Saturday, June 19, 2010

roasting meat

Roasting large pieces of meat to the correct doness can be fairly difficult at times and once the roast is too much done, there is no turning back anymore.

The easiest solution to avoid disappointment is to use a meat thermometer. I prefer this “scientific” approach much better than how i learnt many years ago by “poking” a meat fork into the meat and establishing the doness of the meat by trying to judge the cooking temperature by the color of the juice that sipped out of the whole where the fork was removed and/or the temperature of the needle held against the lower lip ( which if well done can burn). This might be the “old fashion method” but it still works just as well especially when one is experienced in using this method.

What you'll need
* Meat thermometer, digital or analog
* Meat fork or stainless steel needle

What to do
While one can leave the thermometer inside the joint/roast while roasting, this is not always advisable as, especially when roasting meat on a BBQ grill, due to the basting with liquid or marinate.

Stick you needle into the meat, so that the needlepoint reaches the middle of the thickest point of the roast. Depending on the type of thermometer used, ensure that you allow time for the needle to come up to the final reading.

All meat should be well rested after roasting
This is done on a warm (below 60C or 140 F) place; 10–20 minutes depending on the size of the roast will be sufficient. This will help in equally distributing the juices throughout the meat and the meat will be equally done rather then very bloody on the inside and grey around the edge of the meat.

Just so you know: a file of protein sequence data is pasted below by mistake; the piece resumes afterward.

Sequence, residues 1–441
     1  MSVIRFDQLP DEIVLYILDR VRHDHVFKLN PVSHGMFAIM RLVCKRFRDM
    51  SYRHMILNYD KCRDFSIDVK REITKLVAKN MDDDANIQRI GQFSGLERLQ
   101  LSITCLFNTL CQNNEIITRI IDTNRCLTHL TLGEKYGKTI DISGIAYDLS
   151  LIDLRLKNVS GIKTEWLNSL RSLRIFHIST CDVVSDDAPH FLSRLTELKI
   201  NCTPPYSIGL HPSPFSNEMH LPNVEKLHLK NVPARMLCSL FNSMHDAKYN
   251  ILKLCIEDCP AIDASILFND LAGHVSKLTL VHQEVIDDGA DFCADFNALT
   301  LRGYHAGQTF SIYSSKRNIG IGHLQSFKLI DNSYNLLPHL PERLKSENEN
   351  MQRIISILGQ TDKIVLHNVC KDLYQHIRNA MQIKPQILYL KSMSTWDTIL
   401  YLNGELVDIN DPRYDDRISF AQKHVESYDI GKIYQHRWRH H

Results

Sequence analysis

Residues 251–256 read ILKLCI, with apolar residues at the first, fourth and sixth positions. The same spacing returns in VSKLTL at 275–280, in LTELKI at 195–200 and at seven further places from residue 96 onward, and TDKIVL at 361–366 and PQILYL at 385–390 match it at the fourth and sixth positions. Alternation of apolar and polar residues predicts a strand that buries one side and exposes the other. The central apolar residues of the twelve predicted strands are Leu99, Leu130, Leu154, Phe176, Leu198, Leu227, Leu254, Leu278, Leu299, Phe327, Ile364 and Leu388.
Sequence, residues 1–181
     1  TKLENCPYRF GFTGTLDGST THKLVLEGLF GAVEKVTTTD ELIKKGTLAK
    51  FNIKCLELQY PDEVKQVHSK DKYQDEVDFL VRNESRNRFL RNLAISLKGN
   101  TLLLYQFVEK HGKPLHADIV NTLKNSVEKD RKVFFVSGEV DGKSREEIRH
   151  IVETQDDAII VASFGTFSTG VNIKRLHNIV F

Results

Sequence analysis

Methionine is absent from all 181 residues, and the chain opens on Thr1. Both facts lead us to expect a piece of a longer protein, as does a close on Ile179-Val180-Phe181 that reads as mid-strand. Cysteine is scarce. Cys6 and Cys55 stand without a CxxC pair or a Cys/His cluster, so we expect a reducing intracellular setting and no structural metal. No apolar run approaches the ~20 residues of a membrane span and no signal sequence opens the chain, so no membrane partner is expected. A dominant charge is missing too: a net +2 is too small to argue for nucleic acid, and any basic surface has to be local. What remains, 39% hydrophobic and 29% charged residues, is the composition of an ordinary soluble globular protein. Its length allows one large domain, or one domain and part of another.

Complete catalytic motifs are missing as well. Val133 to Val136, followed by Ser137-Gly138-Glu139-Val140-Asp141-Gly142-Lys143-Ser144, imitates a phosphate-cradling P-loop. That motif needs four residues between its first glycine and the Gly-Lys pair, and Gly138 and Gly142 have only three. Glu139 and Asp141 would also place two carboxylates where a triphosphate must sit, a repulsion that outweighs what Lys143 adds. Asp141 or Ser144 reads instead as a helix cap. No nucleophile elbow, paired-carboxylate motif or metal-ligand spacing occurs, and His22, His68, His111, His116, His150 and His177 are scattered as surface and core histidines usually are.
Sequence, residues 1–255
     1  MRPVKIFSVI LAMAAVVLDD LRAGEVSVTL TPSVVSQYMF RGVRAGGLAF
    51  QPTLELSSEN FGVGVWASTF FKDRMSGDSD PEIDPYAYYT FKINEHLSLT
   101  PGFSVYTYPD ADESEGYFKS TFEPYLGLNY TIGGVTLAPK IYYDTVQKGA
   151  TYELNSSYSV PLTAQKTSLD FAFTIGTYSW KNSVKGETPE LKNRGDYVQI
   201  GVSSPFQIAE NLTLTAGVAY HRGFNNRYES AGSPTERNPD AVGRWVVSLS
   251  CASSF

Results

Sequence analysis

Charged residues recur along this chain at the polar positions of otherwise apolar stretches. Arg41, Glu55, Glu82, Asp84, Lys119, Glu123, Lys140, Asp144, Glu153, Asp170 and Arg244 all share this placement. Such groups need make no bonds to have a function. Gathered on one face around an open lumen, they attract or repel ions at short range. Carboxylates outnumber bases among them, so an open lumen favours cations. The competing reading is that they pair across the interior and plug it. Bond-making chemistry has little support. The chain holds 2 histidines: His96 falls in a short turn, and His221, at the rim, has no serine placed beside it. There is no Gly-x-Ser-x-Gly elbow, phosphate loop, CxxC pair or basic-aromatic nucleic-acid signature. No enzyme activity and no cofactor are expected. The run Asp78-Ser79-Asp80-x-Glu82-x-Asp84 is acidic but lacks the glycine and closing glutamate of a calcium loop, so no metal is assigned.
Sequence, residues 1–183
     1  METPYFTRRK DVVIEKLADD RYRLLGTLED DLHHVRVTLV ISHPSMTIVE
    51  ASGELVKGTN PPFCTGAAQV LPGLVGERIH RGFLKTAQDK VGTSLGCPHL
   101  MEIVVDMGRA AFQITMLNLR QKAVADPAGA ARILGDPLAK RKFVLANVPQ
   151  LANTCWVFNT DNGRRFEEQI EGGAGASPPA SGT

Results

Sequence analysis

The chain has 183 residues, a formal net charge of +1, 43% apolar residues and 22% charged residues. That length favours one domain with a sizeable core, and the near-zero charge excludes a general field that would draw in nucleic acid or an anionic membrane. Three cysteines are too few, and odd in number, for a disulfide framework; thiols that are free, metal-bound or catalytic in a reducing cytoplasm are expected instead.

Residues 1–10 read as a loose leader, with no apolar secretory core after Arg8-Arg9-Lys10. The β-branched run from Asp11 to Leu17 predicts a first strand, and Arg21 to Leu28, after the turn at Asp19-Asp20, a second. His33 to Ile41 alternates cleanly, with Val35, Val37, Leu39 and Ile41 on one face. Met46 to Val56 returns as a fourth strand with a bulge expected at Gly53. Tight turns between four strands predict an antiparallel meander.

In general the meat will “heat through” a bit during the resting period, one should calculate approximately 10% additional “cooking” during the resting period.

As a general guideline to determine the doneness follow these temperatures:

Very Rare / 45C (113F) / blood of meat will be cold
Rare / 50C (122F) / deep red to purple, “bloody”
Medium Rare / 55C (131F) / dark red
Medium / 60C (140F) / pale red,
Medium Well / 65C (150F) / light red to pink, almost clear
Well Done / 71C (160F) and above / clear, no blood visible


  1. Great tips Joe...How's the book going?

  2. Hi Joe, I found your blog via your mother's blog. I made your chicken and chorizo sausage rolls tonight. I liked the idea of the combination as chicken can be a bit bland at times. I must confess I left out the cheese, not a favourite in our household for health reasons. Regardless they were delicious. They will be frozen and consumed at our quilting group next week. Thank you.